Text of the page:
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Heart Rhythm. 2015 Jul;12(7):1644-53. doi: 10.1016/j.hrthm.2015.04.013. Epub 2015 Apr 9.

An activation-repolarization time metric to predict localized regions of high susceptibility to reentry.

Author information

1
Division of Imaging Sciences, King's College London, London, United Kingdom. Electronic address: nchild@hotmail.com.
2
Division of Imaging Sciences, King's College London, London, United Kingdom.
3
Department of Mechanical Engineering, University College London, London, United Kingdom.
4
Academic Medical Center, Amsterdam, The Netherlands; L'Institut de RYthmologieet de Modelisation Cardiaque (LIRYC), Fondation Université Bordeaux, Bordeaux, France.
5
Academic Medical Center, Amsterdam, The Netherlands.
6
Department of Biomedical Engineering, George Washington University, Washington, DC.
7
L'Institut de RYthmologieet de Modelisation Cardiaque (LIRYC), Fondation Université Bordeaux, Bordeaux, France; INSERM, Universite de Bordeaux, Centre Recherche, Cario-Thoracique de Bordeaux U1045, Bordeaux, France.
8
L'Institut de RYthmologieet de Modelisation Cardiaque (LIRYC), Fondation Université Bordeaux, Bordeaux, France; Department of Biomedical Engineering, George Washington University, Washington, DC; Department of Biomedical Engineering, Washington University, St Louis, Missouri.
9
Department of Cardiology, Guy's and St Thomas' Hospital, London, United Kingdom.
10
Department of Cardiovascular Sciences, University College London, London, United Kingdom.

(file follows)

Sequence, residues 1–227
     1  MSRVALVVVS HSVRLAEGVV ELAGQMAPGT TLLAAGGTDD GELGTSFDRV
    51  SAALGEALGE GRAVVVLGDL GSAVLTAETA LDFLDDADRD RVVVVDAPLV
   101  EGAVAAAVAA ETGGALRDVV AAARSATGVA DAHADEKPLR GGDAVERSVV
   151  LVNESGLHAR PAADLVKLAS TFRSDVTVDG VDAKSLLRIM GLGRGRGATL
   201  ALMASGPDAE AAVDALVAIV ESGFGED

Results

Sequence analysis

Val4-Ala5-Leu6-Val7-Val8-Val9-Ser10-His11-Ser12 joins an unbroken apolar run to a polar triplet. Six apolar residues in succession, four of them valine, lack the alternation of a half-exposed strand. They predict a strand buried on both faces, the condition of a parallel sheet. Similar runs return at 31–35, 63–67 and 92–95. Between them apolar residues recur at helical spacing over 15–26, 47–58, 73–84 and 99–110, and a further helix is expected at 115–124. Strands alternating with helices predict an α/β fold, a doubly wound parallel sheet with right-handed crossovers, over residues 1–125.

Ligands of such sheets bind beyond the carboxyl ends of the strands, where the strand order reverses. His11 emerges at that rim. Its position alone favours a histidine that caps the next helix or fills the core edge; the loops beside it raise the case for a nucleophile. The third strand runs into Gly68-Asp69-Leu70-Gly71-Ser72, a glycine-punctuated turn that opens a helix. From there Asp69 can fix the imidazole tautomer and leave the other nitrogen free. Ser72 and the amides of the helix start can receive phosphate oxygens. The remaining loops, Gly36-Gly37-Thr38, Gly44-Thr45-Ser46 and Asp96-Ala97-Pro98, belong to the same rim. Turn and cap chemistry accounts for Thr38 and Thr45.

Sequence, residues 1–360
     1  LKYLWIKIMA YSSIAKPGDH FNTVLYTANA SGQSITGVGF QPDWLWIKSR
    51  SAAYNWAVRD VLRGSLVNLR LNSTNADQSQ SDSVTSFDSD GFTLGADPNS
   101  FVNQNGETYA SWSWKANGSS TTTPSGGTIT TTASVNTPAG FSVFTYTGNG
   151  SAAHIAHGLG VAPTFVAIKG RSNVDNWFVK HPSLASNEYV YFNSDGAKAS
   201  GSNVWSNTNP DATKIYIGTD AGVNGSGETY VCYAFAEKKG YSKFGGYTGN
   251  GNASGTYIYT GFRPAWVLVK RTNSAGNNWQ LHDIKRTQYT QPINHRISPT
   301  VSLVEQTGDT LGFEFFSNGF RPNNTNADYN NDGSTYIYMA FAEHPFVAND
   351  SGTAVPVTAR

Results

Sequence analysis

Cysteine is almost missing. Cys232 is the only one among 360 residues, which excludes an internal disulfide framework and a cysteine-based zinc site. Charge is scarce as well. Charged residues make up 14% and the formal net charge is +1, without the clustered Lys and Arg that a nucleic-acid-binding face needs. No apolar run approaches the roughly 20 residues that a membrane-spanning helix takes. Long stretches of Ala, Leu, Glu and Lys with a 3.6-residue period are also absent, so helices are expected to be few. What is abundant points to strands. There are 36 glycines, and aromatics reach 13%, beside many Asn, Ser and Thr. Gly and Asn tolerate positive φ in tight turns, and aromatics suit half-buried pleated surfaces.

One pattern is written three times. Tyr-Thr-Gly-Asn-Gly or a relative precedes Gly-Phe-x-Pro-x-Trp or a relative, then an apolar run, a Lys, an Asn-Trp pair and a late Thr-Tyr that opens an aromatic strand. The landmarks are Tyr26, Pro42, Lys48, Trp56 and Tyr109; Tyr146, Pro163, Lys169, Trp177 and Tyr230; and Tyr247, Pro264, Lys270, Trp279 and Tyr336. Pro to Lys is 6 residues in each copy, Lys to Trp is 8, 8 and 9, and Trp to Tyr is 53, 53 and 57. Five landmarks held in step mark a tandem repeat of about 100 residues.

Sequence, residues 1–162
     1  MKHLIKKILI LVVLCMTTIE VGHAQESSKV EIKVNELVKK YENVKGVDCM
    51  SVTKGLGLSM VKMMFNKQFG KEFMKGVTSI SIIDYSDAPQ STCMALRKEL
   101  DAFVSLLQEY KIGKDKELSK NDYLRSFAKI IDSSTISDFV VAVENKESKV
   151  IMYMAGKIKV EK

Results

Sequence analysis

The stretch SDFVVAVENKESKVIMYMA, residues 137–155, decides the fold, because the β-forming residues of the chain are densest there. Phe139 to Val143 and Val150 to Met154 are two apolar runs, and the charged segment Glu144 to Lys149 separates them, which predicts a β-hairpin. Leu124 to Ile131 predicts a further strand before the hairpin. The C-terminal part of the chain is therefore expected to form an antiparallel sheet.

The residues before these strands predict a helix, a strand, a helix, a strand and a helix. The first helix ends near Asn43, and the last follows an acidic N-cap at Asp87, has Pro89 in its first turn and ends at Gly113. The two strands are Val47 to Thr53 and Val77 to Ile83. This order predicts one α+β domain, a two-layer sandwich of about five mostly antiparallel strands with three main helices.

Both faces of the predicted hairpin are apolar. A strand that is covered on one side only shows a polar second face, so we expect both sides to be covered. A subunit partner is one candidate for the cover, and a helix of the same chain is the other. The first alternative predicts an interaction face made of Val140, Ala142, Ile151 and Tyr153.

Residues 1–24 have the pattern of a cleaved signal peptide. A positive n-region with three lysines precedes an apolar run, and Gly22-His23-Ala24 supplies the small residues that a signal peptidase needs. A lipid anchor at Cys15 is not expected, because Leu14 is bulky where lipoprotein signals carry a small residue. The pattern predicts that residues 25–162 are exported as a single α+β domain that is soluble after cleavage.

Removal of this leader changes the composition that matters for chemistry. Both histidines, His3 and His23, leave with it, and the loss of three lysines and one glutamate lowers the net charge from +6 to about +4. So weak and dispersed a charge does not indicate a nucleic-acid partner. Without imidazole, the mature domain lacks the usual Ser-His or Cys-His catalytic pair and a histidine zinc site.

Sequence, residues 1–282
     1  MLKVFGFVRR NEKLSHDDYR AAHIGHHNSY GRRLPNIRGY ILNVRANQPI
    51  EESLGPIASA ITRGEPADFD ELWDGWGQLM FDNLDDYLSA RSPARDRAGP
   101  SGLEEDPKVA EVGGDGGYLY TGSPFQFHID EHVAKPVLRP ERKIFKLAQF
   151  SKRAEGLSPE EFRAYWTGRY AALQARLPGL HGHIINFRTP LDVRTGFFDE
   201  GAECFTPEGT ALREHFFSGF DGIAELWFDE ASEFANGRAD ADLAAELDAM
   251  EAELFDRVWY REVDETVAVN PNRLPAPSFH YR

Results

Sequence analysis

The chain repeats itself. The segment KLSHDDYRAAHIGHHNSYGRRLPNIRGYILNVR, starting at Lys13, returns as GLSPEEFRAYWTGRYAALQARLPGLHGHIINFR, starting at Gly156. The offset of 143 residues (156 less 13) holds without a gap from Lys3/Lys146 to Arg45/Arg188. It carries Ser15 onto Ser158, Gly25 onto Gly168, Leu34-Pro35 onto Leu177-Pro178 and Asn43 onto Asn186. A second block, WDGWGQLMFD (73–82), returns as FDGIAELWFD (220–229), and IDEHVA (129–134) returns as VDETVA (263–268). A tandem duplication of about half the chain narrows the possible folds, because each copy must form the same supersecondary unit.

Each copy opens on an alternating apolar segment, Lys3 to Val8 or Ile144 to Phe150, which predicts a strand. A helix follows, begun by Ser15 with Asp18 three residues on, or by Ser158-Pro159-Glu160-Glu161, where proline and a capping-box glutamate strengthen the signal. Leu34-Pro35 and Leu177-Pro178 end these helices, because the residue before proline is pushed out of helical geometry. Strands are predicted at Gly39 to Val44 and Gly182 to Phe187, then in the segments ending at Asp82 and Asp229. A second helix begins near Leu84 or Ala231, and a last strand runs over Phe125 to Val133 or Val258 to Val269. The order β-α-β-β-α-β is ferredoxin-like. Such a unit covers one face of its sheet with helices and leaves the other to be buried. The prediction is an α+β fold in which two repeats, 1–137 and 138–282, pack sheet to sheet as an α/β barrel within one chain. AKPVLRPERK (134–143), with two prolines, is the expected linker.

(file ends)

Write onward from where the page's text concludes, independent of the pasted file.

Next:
Abstract

BACKGROUND:

Initiation of reentrant ventricular tachycardia (VT) involves complex interactions between front and tail of the activation wave. Recent experimental work has identified the time interval between S2 repolarization proximal to a line of functional block and S2 activation at the adjacent distal side as a critical determinant of reentry.

OBJECTIVES:

We hypothesized that (1) an algorithm could be developed to generate a spatial map of this interval ("reentry vulnerability index" [RVI]), (2) this would accurately identify a site of reentry without the need to actually induce the arrhythmia, and (3) it would be possible to generate an RVI map in patients during routine clinical procedures.

METHODS:

An algorithm was developed that calculated RVI between all pairs of electrodes within a given radius.

RESULTS:

The algorithm successfully identified the region with increased susceptibility to reentry in an established Langendorff pig heart model and the site of reentry and rotor formation in an optically mapped sheep ventricular preparation and computational simulations. The feasibility of RVI mapping was evaluated during a clinical procedure by coregistering with cardiac anatomy and physiology of a patient undergoing VT ablation.

CONCLUSION:

We developed an algorithm to calculate a reentry vulnerability index from intervals between local repolarization and activation. The algorithm accurately identified the region of reentry in 2 animal models of functional reentry. The clinical application was demonstrated in a patient with VT and identified the area of reentry without the need of inducing the arrhythmia.

KEYWORDS:

Ablation; Arrhythmia; Ventricular tachycardia

PMID:
25863160
PMCID:
PMC4717521
DOI:
10.1016/j.hrthm.2015.04.013
[Indexed for MEDLINE]
Free PMC Article

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